Wednesday, August 13, 2008

The Economics of Parking Policy: Pay Me not To Park

There is an old saying that it is the job of the college president to make sure the students can have sex, the faculty can park, and the alumni have a winning football team. Let’s look at faculty parking. Today I got a news story about Towson’s new program to give a 50% discount on parking passes to hybrid drivers. I’m probably going to purchase a new used car within the next year, the saving of $350 a year makes a hybrid a lot more attractive of a purchase.

If you just did some quick math you realized I pay $700 a year for parking at Towson. Not all faculty pay this rate as it is in part determined by income, but I would guess most pay at least $300-$400 a year. Interestingly I never realized until the reading the article that it was not me subsidizing the lower paid faculty members, but Towson who is subsidizing me less. From the article Pam Mooney the direct of parking states “To provide a parking space costs between $2,000 and $3,000 per year per person versus $200 to $300 if a person takes the bus instead of driving.” That means Towson is spending between $1300 and $2300 a year to provide me a parking space.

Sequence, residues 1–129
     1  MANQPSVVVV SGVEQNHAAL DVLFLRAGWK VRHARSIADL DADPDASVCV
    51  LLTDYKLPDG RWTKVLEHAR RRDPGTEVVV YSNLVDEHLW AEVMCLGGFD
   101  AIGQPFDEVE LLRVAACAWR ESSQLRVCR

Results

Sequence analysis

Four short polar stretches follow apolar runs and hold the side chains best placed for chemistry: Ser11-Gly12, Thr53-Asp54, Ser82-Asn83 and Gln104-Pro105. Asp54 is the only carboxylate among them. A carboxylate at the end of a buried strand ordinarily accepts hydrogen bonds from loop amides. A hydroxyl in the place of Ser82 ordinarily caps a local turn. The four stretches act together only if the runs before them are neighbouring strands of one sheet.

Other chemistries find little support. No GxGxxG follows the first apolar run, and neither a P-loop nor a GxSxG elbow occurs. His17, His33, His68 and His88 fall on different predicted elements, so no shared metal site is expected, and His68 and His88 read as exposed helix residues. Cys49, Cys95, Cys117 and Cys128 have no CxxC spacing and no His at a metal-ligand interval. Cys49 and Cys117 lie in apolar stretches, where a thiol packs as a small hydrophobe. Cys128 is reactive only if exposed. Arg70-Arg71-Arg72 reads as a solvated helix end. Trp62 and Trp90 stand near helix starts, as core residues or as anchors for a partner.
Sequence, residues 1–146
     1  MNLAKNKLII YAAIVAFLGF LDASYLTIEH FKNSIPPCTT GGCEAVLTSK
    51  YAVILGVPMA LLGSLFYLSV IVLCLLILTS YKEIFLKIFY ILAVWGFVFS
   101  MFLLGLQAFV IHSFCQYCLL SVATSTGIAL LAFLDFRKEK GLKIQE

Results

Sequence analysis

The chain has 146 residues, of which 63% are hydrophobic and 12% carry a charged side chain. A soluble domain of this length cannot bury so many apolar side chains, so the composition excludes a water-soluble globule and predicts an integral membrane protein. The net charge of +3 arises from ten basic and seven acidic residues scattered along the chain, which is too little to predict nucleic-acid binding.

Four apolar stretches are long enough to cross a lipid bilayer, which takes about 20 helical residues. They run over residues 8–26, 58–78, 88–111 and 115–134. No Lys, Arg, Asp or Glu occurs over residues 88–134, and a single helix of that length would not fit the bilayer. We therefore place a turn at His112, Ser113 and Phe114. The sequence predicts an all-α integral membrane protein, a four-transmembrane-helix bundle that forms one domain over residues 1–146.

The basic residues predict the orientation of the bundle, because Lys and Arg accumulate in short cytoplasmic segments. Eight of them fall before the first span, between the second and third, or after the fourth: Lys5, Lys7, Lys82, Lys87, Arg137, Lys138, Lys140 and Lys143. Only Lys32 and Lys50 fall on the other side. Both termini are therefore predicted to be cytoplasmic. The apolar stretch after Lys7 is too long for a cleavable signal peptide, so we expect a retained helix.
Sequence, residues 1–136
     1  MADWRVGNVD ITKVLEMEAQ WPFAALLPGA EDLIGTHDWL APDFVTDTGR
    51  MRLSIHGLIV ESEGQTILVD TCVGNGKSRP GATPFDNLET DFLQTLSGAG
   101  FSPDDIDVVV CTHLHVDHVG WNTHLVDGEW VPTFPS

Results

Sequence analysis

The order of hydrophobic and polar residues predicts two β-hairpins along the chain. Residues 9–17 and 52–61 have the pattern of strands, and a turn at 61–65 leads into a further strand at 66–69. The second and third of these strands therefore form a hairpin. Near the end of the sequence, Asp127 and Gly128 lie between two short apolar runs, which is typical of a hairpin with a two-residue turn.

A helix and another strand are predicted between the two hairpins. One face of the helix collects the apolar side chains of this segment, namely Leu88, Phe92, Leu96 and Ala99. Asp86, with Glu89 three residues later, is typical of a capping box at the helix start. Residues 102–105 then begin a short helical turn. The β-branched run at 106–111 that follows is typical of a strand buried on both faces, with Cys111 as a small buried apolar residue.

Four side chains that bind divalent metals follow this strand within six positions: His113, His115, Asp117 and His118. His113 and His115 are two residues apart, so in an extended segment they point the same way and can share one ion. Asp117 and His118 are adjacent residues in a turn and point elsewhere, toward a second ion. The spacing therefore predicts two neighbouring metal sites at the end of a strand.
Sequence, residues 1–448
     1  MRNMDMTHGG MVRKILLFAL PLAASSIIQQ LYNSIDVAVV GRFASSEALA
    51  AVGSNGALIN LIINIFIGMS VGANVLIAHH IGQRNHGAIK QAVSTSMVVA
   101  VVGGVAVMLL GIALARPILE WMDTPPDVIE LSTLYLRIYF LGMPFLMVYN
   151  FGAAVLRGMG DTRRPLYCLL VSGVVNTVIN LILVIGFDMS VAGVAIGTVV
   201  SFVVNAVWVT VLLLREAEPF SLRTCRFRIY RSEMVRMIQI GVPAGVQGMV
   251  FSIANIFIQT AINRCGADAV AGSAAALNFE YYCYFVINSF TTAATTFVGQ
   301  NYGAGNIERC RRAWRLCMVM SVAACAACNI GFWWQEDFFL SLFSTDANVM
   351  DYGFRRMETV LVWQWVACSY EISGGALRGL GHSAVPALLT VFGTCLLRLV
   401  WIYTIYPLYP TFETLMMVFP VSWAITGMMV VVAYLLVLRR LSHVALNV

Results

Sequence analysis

So here is what I propose as a solution. If you do not purchase a parking pass you get paid equivalent of the cost of your parking pass. Faculty could work out car pooling, biking, public transportation, hiring a car service on their own. If Towson pays me $700 extra dollars for not buying a parking pass, then it saves $600-$1600 in subsidies for parking.

Next year I plan on purchasing a house a large swing in the benefit of not parking on campus, could be just the incentive I need to make sure it is close enough to bike.
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